Advent was launched by Summoner Yuna on 23 October 2003, shortly after the announcement of the Advent Children movie.[1] The main draw of the site was its forums; Advent Children.Forums (ACF) was a major hub of discussion for the fan community. Amid some drama, ACF eventually shut down sometime in the late 2000s. Many consider The Lifestream, founded 25 September 2008, to be its successor, having drawn many users and site staff from ACF, though many happily report that The Lifestream faces less drama and toxicity.

Final Fantasy VII fans have had a major presence on FanFiction.Net (FFN), with the earliest known English-language fan fiction having been posted on 23 July 1999;[2] activity spiked circa the 2005 release of Advent Children and the 2007 release of Crisis Core (see The Genesis Awards). Notably, FFN divides Final Fantasy X and Final Fantasy X-2 into separate sections—as well as the three games of the Final Fantasy XIII trilogy—FFN categorizes all FFVII and Compilation fan fiction under Final Fantasy VII.

As Final Fantasy VII Remake has brought the biggest surge in activity from new and returning fans since Crisis Core, Archive of Our Own (AO3) has become an increasingly popular platform for fan works. As of 10 April 2020, the release date of Final Fantasy VII Remake, Final Fantasy VII was the third biggest fandom within the Games category on FFN with over 40 200 stories (excluding crossovers),[3] compared to 10 367 stories (including crossovers) under the Compilation of Final Fantasy VII tag on AO3.[4] Between then and 2 July 2021, FFN's FFVII library grew by a relatively meager 600 stories,[5] while over 7 483 FFVII works were added to AO3 in the same period.[6]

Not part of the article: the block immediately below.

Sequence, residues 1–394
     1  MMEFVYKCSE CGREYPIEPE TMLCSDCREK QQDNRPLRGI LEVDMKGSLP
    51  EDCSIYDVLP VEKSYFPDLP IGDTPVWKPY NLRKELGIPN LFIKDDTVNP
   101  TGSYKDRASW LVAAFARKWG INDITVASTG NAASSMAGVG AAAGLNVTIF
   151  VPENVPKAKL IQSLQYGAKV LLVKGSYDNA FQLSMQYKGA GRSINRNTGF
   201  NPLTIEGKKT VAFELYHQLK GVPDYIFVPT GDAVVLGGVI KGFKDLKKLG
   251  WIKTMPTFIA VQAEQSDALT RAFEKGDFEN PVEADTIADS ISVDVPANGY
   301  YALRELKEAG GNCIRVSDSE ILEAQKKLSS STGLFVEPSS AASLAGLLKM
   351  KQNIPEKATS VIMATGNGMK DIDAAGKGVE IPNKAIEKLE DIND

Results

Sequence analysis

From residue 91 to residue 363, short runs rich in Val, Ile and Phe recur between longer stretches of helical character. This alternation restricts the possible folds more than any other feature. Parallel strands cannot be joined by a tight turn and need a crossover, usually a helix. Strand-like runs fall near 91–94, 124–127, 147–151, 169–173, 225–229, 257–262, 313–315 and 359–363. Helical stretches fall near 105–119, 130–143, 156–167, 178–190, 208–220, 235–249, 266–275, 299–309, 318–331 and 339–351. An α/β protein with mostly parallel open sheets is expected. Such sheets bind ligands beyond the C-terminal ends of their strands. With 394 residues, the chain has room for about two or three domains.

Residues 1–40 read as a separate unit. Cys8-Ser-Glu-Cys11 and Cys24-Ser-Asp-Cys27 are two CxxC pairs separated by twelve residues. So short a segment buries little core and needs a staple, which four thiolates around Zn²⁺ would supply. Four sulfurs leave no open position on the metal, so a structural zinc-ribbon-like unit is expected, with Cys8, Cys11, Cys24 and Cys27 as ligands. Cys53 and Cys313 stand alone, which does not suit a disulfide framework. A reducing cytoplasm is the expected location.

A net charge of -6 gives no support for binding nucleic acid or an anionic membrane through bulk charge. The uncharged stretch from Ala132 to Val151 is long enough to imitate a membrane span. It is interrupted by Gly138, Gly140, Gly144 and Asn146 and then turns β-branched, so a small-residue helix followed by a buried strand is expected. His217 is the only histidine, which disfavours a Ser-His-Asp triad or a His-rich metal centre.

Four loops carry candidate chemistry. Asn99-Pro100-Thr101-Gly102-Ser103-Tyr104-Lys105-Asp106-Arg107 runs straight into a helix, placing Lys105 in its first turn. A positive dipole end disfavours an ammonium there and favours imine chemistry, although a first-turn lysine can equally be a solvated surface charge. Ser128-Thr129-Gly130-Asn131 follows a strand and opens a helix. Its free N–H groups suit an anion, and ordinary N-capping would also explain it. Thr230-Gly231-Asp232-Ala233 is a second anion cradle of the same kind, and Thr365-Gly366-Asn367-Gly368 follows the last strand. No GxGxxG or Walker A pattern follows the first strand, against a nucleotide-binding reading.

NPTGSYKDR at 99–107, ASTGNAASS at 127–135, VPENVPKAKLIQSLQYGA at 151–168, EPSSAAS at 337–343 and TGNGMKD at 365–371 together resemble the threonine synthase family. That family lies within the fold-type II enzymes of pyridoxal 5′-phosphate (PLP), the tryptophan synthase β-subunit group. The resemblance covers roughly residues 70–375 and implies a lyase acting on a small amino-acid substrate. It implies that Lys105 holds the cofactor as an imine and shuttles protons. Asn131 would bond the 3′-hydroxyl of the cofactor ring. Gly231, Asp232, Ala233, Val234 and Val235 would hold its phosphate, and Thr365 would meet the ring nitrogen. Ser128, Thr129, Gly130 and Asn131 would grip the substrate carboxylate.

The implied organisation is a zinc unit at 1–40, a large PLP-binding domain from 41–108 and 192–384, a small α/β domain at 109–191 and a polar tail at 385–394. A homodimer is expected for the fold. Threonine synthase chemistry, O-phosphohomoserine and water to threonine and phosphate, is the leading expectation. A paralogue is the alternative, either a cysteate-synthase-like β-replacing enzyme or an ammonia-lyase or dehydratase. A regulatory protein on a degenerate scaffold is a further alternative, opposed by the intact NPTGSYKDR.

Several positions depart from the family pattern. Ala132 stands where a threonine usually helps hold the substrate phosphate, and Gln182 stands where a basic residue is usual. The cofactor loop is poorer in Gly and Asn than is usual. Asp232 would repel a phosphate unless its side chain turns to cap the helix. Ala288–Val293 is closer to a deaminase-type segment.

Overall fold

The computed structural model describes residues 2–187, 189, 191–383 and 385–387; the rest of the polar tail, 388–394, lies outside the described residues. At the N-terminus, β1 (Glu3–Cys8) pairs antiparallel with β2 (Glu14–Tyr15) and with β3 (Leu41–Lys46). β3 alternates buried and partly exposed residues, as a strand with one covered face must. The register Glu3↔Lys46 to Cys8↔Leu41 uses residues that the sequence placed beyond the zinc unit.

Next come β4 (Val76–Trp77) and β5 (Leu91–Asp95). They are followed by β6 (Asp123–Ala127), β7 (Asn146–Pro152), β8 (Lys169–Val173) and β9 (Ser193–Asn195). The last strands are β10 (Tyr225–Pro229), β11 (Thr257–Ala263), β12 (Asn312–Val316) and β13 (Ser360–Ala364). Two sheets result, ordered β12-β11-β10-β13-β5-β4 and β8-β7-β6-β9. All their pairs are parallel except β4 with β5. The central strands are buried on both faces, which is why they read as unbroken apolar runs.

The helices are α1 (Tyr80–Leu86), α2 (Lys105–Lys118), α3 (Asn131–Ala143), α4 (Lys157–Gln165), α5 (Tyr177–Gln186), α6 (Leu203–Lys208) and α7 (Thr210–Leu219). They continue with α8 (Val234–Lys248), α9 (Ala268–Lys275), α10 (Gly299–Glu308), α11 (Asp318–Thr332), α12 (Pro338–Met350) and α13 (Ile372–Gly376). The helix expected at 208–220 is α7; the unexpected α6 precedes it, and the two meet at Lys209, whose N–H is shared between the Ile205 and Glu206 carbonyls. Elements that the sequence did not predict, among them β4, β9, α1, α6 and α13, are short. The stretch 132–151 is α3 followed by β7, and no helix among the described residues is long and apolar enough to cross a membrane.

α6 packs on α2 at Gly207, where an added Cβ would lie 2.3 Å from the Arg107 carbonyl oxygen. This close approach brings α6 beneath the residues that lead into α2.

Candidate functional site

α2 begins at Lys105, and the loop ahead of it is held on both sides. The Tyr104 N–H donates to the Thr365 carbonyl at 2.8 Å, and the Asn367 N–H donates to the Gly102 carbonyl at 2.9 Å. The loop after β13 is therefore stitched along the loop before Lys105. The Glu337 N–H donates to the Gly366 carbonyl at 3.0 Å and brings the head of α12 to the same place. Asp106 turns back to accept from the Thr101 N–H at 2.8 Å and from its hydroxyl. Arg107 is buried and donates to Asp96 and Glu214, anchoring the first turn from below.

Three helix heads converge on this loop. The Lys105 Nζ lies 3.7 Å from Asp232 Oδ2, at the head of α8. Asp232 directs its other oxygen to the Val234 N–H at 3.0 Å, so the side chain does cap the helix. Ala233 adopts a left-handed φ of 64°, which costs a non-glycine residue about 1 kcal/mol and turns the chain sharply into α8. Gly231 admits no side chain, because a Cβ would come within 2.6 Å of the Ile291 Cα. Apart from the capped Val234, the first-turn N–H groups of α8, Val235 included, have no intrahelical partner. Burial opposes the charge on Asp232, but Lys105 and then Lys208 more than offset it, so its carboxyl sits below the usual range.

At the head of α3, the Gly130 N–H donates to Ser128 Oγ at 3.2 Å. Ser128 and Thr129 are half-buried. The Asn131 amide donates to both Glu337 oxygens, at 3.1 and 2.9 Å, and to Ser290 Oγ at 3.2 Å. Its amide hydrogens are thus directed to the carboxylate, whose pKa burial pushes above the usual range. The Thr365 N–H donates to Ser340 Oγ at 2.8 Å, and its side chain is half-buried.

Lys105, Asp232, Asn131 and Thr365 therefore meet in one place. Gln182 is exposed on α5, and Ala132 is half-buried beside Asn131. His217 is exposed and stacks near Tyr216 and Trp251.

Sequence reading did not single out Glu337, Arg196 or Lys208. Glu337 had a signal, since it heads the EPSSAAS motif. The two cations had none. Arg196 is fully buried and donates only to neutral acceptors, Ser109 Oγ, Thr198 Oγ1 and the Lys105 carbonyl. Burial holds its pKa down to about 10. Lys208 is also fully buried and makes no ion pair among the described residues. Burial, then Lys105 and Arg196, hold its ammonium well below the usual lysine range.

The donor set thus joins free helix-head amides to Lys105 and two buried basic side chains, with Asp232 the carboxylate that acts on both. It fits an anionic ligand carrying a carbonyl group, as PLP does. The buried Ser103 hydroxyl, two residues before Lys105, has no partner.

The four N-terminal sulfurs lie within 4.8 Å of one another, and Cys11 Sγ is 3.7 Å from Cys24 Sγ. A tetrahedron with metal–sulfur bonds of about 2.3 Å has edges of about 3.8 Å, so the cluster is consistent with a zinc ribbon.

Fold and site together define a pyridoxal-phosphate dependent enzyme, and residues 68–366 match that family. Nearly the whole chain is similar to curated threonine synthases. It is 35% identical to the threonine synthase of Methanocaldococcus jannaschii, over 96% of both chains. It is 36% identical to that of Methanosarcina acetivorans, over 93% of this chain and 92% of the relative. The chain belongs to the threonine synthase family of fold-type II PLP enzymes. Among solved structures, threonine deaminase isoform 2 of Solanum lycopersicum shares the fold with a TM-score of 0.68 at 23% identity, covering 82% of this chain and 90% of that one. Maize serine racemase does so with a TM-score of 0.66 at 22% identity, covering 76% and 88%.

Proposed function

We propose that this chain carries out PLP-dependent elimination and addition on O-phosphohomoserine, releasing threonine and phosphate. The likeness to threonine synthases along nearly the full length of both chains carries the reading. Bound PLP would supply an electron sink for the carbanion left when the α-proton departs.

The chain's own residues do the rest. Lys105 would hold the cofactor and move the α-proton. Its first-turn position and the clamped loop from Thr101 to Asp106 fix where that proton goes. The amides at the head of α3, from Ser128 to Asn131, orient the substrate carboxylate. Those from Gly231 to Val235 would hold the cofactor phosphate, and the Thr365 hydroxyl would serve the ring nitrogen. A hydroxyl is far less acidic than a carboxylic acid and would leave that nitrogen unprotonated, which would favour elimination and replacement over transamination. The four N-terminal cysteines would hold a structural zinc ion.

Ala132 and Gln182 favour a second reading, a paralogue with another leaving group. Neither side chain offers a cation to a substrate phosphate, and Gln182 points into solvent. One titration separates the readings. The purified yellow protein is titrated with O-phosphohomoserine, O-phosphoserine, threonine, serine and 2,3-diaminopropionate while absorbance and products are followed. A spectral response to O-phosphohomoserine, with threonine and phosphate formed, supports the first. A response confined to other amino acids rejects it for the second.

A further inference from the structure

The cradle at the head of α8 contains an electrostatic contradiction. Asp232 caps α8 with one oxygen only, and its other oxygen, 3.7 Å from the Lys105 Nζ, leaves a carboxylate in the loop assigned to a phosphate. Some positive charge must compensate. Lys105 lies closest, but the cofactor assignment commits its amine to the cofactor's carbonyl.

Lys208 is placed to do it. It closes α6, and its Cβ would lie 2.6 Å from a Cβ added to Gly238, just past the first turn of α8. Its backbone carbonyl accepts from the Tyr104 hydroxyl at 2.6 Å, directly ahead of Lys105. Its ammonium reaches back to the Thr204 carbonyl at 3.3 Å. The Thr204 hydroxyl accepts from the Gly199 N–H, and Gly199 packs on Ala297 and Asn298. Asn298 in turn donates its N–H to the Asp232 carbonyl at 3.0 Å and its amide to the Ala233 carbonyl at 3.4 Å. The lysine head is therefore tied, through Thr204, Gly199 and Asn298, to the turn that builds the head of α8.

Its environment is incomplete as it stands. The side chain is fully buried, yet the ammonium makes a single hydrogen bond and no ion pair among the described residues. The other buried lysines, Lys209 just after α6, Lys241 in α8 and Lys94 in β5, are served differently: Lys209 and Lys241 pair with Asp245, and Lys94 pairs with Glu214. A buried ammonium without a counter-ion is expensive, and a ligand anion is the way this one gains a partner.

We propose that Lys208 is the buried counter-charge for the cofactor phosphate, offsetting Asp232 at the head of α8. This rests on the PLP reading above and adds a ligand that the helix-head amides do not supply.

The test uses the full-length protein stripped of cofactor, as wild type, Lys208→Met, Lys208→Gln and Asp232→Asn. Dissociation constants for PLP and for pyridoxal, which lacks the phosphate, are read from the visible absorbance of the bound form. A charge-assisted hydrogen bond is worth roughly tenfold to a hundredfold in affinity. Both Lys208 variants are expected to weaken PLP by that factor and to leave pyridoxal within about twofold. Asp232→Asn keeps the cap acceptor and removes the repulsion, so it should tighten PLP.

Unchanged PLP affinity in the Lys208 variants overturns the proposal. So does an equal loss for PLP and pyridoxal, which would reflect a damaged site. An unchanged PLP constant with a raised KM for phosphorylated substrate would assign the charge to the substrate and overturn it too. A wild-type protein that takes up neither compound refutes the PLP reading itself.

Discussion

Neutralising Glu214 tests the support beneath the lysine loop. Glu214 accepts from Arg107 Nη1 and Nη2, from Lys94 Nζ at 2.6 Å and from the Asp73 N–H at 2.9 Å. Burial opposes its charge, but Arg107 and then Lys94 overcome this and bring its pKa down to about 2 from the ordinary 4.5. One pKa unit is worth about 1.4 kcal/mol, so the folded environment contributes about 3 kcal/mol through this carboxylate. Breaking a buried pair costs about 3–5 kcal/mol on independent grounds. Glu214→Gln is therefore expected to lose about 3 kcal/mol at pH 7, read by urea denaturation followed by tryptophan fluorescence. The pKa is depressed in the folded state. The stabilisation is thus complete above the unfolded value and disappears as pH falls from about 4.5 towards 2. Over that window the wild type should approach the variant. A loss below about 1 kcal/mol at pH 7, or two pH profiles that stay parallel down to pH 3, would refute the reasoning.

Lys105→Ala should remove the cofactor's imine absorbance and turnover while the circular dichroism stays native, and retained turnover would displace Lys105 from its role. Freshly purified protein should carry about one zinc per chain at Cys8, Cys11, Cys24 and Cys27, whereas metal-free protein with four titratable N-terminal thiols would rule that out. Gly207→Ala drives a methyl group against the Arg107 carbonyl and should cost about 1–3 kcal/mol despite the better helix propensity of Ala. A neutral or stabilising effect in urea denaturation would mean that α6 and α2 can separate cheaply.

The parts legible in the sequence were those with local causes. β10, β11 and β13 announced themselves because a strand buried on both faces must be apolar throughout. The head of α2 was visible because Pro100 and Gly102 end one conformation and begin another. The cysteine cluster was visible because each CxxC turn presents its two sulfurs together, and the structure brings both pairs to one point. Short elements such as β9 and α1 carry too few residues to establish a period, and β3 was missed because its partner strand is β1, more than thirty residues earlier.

The theorist community is active and positive. Before AC the fandom was taking great joy and deciphering the mystery behind the ending of the game as well as addressing plot holes. Even after the Compilation though, fans still love to discuss speculation on platforms such as YouTube shows like Game Theory and various forums.

In recent years, the fandom has not had the same pleasant response in regards to other social issues and criticism in general. Having already felt burned by the sort of market response attitude Square-Enix had to its audience fans used the game as a response to modern social critique like Feminist Frequency. This branch of the fandom has replaced the LTD as the most toxic aspect of the game's fandom. Particularly since Square-Enix teased a re-mastered version for the PlayStation 3, this branch on the fandom has worried that modern critique of gaming will lead to more changes and retcons. This fear has been compounded upon due to the official announcement of an episodic remake for the newest console generation as well as announcements confirming that changes will be made beyond graphics updates.

On the end of toxic fans responding to developers, the fandom has been active in condemning the negative behavior. In dealing with the harassment of other gaming critics though, the fandom has been oddly silent. It is to the point that many critics will not do retroactive reviews of the game to provide new insight so they can avoid the nostalgia-driven vitriol of the fandom.

Original Game Canon (OGC) and the Compilation

When Advent Children was released in 2005, it drew fire from branches of the fandom who disliked the differences in characterization between AC and the original game. The most common complaint was that AC had undone much of the character growth that Cloud—and to a lesser extent, Vincent—had undergone. Many fans saw changes that seemed almost like the creators responding to the commentary of the original game with a sort of pandering. For example, the character Tifa Lockhart had regularly been criticized for her over-sexualized appearance. Her updated look for AC seemed to be a response to that. These complaints continued as other compilation titles were released and translated, either officially or by fans; Before Crisis, for instance, was not officially translated and released for Western audiences, and fans have been forced to rely on fan translations and videos. A significant portion of fans refuse to recognize the Compilation releases as canon, and often release their fanworks under the tag OGC, or Original Game Canon.